WASHINGTON – US Second Gentleman, Doug Emhoff, will travel today (Thursday) to Poland and Germany to mark the International Holocaust Remembrance Day. During the five-day trip, he is expected to attend the commemoration of the 78th anniversary of the liberation of Auschwitz extermination camp and meet with government officials and local Jewish leaders.
A senior administration official said ahead of the trip that there are two main areas of focus for Emhoff’s trip: One is on Holocaust education and remembrance, and the second one is on combating antisemitism worldwide.
“The visit certainly has a special significance, and we are aware of that and the significance for him, for our administration, for American Jews and frankly, Jews around the world,” the senior official said. “It is hard to underestimate the importance of having a second gentleman in this position visiting Auschwitz, along with survivors (…) walking past the crematorium as the first Jewish spouse of a vice president of the United States.”
“You will see the second gentleman push back against Holocaust denial, distortion and disinformation and educate the next generation about the Holocaust,” said the senior official. “The trip is about reflecting on what we know is a dark, difficult history and then renewing our commitment to take action in current times. Throughout engagements, the second gentleman will make clear that US President Joe Biden and Vice President Kamala Harris are firmly committed to countering the rising global antisemitism, and that they are focused on this global antisemitism just as they are at home.”
US to 'deepen' relationship with Europe on Holocaust denial
The official went on to say that Emhoff will “make clear that we are very committed to deepening our relationship with Europe on this matter.”
“Antisemitism cuts across ideology, political groups and nation,” the official continued. “Thus, the efforts combating antisemitism must be comprehensive and interconnected. While antisemitism is of course a threat to Jews, it is also often accompanied by hatred and intolerance directed against members of other ethnic or religious minority groups and other vulnerable populations, and is fundamentally destabilizing to society.”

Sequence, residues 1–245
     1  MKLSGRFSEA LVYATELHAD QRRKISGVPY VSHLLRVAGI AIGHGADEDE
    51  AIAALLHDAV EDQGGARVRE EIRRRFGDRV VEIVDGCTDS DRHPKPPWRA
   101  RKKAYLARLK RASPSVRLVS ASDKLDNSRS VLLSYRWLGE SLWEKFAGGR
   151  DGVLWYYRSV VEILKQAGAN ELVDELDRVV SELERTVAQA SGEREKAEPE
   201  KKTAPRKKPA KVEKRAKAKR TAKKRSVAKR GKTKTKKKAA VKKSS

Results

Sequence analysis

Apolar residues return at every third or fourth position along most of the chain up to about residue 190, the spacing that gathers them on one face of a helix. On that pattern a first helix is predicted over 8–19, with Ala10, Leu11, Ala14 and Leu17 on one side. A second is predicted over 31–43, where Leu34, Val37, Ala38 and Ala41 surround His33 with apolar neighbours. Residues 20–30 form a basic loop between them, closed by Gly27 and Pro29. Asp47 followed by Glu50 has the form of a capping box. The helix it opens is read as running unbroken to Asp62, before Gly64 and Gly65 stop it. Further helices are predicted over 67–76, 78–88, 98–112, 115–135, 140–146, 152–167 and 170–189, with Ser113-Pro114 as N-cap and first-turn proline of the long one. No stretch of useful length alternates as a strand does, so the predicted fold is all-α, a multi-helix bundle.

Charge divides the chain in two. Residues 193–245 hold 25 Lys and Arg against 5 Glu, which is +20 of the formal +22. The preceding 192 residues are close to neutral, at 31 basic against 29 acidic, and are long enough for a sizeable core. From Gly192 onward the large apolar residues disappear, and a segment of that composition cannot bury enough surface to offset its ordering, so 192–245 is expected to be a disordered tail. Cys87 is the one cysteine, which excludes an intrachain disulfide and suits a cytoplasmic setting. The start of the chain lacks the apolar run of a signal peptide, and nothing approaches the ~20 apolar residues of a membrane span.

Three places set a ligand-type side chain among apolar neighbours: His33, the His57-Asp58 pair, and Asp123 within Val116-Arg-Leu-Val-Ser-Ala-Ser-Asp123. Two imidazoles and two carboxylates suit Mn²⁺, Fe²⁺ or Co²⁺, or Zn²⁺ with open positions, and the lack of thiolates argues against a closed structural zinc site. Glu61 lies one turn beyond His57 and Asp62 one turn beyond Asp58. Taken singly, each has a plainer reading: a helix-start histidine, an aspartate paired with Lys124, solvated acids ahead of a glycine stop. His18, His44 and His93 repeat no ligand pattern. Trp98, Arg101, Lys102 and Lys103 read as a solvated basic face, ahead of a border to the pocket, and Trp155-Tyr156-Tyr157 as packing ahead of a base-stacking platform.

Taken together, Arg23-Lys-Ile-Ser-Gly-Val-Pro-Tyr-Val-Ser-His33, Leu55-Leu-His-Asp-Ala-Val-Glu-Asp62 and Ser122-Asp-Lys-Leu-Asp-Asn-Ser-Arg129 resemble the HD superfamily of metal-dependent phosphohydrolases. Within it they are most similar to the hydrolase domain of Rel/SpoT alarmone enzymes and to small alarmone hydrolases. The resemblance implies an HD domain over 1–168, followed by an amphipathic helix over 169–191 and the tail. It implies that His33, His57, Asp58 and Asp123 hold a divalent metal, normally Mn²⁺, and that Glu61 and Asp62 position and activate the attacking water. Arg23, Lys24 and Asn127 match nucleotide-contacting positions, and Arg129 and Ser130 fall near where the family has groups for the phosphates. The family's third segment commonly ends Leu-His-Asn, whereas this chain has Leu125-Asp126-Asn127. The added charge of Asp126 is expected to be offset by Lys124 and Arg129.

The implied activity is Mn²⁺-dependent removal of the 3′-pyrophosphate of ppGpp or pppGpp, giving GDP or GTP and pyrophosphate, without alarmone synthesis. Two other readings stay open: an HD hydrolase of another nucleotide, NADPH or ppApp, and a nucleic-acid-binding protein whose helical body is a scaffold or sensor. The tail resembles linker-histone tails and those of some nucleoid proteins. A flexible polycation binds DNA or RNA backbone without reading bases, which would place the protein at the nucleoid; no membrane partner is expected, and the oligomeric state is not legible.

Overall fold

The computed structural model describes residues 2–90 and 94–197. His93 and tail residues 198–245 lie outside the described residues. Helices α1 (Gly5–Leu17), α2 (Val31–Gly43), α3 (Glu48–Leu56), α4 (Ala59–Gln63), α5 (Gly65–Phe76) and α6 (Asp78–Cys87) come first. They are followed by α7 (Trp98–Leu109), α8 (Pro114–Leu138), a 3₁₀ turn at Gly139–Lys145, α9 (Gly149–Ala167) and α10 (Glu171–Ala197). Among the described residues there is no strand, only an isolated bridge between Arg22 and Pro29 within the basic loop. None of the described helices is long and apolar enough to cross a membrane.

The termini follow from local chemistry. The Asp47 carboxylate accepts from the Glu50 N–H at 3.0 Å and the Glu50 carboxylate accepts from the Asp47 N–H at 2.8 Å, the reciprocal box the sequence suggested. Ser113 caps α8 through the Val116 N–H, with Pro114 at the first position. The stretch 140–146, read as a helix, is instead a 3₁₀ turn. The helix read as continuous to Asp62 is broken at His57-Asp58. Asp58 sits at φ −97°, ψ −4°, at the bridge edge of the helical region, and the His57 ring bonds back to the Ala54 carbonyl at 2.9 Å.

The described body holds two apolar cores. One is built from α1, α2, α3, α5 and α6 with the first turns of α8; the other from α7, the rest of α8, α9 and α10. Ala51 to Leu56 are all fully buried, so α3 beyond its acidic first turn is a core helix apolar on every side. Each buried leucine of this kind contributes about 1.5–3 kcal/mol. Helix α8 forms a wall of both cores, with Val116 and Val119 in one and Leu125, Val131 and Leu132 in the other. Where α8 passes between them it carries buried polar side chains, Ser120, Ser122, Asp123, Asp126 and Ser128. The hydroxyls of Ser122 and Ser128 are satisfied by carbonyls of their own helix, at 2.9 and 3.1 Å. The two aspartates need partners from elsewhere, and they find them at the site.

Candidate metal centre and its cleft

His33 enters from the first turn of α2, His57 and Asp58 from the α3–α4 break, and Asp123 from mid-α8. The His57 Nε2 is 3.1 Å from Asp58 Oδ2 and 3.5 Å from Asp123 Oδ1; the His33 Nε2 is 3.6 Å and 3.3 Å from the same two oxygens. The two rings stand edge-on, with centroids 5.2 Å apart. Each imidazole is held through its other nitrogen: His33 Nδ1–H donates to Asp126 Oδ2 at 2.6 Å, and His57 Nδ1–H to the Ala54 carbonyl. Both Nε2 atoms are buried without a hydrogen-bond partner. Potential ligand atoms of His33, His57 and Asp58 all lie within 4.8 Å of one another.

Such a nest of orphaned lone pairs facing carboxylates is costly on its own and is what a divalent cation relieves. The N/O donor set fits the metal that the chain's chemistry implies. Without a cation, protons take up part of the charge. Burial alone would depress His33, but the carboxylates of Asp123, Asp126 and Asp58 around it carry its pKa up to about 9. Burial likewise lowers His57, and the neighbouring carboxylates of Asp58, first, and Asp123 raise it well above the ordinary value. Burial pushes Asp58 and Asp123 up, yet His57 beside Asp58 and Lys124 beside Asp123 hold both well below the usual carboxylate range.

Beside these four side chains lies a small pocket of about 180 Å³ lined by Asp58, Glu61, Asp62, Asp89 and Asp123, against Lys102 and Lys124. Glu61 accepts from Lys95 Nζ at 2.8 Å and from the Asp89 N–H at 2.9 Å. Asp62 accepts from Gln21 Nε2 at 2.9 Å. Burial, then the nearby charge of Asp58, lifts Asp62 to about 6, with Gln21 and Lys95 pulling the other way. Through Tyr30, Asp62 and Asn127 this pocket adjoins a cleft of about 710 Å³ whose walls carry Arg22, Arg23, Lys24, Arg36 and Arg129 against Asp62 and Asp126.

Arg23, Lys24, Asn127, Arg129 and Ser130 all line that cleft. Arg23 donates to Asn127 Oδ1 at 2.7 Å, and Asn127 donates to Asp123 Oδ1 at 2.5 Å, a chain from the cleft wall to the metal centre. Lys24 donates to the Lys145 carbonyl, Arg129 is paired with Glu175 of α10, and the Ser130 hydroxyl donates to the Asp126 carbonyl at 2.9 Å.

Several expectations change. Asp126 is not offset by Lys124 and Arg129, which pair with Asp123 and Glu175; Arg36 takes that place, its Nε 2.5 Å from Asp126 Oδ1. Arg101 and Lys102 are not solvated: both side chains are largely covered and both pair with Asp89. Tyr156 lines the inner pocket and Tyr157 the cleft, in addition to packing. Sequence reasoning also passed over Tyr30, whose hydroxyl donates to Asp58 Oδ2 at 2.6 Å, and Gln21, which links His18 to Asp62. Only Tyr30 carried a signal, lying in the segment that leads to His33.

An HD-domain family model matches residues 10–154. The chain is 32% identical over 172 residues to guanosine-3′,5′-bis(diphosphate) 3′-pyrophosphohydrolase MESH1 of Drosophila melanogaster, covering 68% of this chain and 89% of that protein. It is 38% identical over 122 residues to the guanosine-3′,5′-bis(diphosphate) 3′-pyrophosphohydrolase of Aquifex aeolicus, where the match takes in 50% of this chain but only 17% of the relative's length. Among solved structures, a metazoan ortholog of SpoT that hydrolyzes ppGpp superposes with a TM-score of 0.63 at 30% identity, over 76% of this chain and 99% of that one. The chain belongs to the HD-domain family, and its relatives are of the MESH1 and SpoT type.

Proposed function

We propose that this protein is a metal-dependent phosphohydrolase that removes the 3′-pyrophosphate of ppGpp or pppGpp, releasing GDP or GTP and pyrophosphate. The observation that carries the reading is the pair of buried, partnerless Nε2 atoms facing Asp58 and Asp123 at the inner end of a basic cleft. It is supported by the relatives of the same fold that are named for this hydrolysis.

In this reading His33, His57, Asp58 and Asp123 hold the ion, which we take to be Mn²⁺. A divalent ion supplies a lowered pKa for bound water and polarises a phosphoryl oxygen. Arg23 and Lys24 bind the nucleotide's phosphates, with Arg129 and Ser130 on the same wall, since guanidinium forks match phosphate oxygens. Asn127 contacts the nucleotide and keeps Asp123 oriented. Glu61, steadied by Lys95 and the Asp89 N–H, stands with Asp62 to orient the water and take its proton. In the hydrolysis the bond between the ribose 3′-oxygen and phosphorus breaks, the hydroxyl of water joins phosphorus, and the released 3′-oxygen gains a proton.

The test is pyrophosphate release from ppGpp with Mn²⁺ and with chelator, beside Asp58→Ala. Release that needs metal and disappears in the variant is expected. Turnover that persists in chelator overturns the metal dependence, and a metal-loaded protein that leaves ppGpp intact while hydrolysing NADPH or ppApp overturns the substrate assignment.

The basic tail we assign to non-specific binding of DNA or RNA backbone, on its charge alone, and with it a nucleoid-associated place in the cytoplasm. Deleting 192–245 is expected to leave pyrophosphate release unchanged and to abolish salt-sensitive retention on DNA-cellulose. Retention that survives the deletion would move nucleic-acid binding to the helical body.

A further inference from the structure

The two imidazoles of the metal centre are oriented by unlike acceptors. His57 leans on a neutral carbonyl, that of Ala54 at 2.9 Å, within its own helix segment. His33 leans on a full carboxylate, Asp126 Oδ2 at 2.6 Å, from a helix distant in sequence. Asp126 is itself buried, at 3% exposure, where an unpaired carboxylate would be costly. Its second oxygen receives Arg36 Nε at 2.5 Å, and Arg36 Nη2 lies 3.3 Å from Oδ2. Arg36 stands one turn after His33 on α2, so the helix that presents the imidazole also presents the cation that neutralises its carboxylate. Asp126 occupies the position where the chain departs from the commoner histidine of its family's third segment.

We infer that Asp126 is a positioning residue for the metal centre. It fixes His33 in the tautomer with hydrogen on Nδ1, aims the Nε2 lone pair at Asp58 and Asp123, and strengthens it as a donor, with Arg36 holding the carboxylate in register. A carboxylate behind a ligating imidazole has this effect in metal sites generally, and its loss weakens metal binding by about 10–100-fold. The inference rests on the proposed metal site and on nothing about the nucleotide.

Speaking about the White House Task Force to combat antisemitism, the official said: “We all see and feel the rising tide of hate and specifically antisemitism that the global community faces and we face here at home (..) Hatred now faces no borders, and we will take in all of government and all vital personnel to combat that.”
Emhoff will land on Thursday in Krakow, Poland. On Friday, he will visit the Auschwitz-Birkenau State Memorial and Museum and receive a tour before attending the commemoration of the 78th anniversary of the liberation of the extermination camp. He will later attend a Shabbat dinner hosted by the Jewish Community Center.
On Saturday, he will visit Schindler’s Enamel Factory Museum and will participate in a roundtable with community leaders in Krakow on addressing antisemitism. The following day, Emhoff will tour Krakow’s Historic Jewish Quarter and will meet with community leaders and visit historic sites in Gorlice, Poland.
On Monday, Emhoff will participate in a Convening of Special Envoys and Coordinators on Combating Antisemitism for a discussion on combating antisemitism around the world. He will also visit the Museum of Jewish Life before attending a dinner with German community leaders and government officials hosted by Ambassador Amy Gutman.
On his last day in Germany, Emhoff will participate in a roundtable with Jewish, Muslim, and Christian faith leaders on interfaith dialogue and understanding. Later, he will visit Oranienburgerstrasse Synagogue. According to the White House, while there, he will meet with Ukrainian refugees. Before heading back to Washington, he is also expected to Holocaust survivors at the Holocaust Memorial.